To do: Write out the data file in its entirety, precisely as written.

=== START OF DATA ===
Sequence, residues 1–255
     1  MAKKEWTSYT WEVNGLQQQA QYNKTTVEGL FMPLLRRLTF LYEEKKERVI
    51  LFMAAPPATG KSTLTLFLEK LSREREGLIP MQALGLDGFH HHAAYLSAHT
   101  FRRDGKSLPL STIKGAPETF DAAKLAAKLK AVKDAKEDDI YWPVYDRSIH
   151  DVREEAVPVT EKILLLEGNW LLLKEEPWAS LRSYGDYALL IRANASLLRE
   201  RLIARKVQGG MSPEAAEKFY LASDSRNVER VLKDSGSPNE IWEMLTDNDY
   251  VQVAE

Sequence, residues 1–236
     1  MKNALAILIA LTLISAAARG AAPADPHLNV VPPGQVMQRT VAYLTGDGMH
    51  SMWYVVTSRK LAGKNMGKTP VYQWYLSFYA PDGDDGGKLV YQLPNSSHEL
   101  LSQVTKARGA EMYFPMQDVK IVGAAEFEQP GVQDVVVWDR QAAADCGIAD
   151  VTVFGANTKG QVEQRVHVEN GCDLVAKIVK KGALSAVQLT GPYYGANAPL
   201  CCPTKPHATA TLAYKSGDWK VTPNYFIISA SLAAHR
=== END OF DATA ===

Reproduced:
Sequence, residues 1–255
     1  MAKKEWTSYT WEVNGLQQQA QYNKTTVEGL FMPLLRRLTF LYEEKKERVI
    51  LFMAAPPATG KSTLTLFLEK LSREREGLIP MQALGLDGFH HHAAYLSAHT
   101  FRRDGKSLPL STIKGAPETF DAAKLAAKLK AVKDAKEDDI YWPVYDRSIH
   151  DVREEAVPVT EKILLLEGNW LLLKEEPWAS LRSYGDYALL IRANASLLRE
   201  RLIARKVQGG MSPEAAEKFY LASDSRNVER VLKDSGSPNE IWEMLTDNDY
   251  VQVAE

Sequence, residues 1–236
     1  MKNALAILIA LTLISAAARG AAPADPHLNV VPPGQVMQRT VAYLTGDGMH
    51  SMWYVVTSRK LAGKNMGKTP VYQWYLSFYA PDGDDGGKLV YQLPNSSHEL
   101  LSQVTKARGA EMYFPMQDVK IVGAAEFEQP GVQDVVVWDR QAAADCGIAD
   151  VTVFGANTKG QVEQRVHVEN GCDLVAKIVK KGALSAVQLT GPYYGANAPL
   201  CCPTKPHATA TLAYKSGDWK VTPNYFIISA SLAAHR